VATICAN CITY -- The body of Italy's beloved saint Padre Pio went on display last Thursday (April 24) at his shrine in southern Italy; over the coming months, more than 1 million people are expected to see it.
Pilgrims file past a casket with walls of bullet-proof glass, where Pio lies with his face covered by a life-like silicone mask, produced by a British firm that supplies wax museums.
The spectacle may strike observers outside of traditionally Catholic societies as strange, or downright ghoulish. And even in his homeland, some of Pio's devotees have protested the exhumation and display, denouncing them as contrary to the saint's wishes and the "simplicity and humility" that he exemplified in life.
Yet the exhibition of a holy person's mortal remains for public veneration is part of an ancient Christian practice. "We do not worship, we do not adore ... but we venerate the relics of the martyrs in order the better to adore Him whose martyrs they are," wrote St. Jerome, a doctor of the church who died in the 5th century.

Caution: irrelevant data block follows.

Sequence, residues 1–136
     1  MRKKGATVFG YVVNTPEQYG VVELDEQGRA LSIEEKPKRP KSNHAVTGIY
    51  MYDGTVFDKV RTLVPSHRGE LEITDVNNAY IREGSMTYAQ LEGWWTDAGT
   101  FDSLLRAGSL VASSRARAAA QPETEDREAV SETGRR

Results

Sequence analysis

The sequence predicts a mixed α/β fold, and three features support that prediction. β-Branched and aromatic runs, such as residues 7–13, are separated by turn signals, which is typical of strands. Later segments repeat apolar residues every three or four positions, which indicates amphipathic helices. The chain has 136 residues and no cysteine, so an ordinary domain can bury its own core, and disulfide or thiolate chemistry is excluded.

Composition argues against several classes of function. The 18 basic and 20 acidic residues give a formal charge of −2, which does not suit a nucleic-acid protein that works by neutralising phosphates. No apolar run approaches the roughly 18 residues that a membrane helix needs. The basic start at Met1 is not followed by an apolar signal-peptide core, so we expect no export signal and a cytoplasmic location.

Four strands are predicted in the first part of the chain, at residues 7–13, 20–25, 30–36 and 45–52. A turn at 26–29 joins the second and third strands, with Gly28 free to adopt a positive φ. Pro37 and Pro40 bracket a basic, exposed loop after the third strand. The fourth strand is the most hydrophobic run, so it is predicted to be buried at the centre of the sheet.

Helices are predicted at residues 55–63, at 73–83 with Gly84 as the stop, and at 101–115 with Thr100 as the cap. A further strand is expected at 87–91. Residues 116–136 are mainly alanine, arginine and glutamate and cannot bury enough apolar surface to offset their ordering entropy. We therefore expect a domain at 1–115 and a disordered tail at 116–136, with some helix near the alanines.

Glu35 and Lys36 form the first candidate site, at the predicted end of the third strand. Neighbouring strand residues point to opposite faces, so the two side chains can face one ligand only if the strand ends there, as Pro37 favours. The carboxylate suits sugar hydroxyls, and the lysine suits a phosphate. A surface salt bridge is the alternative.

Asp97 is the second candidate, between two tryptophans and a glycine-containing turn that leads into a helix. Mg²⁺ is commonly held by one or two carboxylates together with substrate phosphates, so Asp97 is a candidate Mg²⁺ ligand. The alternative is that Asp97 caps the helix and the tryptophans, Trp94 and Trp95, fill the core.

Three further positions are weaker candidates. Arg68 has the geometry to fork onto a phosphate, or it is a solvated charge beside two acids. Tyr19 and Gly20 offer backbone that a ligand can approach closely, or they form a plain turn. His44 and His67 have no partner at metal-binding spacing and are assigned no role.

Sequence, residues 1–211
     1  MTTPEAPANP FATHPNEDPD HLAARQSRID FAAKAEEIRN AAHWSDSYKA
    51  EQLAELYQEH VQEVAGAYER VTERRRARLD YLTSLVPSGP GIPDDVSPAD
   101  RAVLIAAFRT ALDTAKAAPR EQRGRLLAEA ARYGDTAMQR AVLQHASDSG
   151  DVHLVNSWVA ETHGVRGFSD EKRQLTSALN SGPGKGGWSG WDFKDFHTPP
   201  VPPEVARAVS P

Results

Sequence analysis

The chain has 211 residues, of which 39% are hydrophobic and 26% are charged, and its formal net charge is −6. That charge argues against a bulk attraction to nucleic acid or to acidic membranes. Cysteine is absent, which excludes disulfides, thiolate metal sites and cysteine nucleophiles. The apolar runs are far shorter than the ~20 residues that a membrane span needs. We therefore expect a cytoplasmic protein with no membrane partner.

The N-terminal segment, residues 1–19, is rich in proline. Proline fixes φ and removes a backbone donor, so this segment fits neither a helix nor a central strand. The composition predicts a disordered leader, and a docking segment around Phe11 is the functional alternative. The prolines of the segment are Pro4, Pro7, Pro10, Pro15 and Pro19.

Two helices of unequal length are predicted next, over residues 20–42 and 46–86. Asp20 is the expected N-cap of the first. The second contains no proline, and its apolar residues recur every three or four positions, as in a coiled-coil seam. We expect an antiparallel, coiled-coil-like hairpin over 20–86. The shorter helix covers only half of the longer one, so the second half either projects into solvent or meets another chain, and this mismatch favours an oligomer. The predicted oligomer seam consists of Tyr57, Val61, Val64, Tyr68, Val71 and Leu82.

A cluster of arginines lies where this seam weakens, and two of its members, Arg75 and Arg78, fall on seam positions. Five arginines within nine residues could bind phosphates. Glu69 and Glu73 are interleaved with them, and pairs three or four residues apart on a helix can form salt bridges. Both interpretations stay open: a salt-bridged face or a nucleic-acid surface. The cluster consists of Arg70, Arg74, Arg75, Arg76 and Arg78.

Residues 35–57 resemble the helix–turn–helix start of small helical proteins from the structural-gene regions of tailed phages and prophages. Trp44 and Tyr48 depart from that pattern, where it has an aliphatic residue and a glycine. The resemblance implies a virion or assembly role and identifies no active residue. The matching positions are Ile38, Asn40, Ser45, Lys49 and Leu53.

The concept of relics, which originally referred to holy corpses, expanded to encompass body parts and objects associated with the deceased.
The great medieval theologian St. Thomas Aquinas wrote in the 13th century that "God fittingly does honor to such relics by performing miracles in their presence." Apologists for this belief have traditionally cited a passage from the Old Testament, in which contact with the bones of the prophet Elisha bring a dead man back to life.
No doubt some of those who visit Pio's body this year, the 40th anniversary of his death, will do so in the hope of a miraculous cure owing to the mystic friar's intervention.
But rather than encourage such hopes, those behind the display are instead emphasizing its value as an inspiring religious symbol.
A spokesman for the relevant church authorities told the Reuters news agency that they had decided to show Pio's body "in the hope that it might favor the spiritual growth of his devotees and the conversion of whoever might come (here) in the next months, even if only out of curiosity, and go home renewed, just as often happened when Padre Pio was still alive."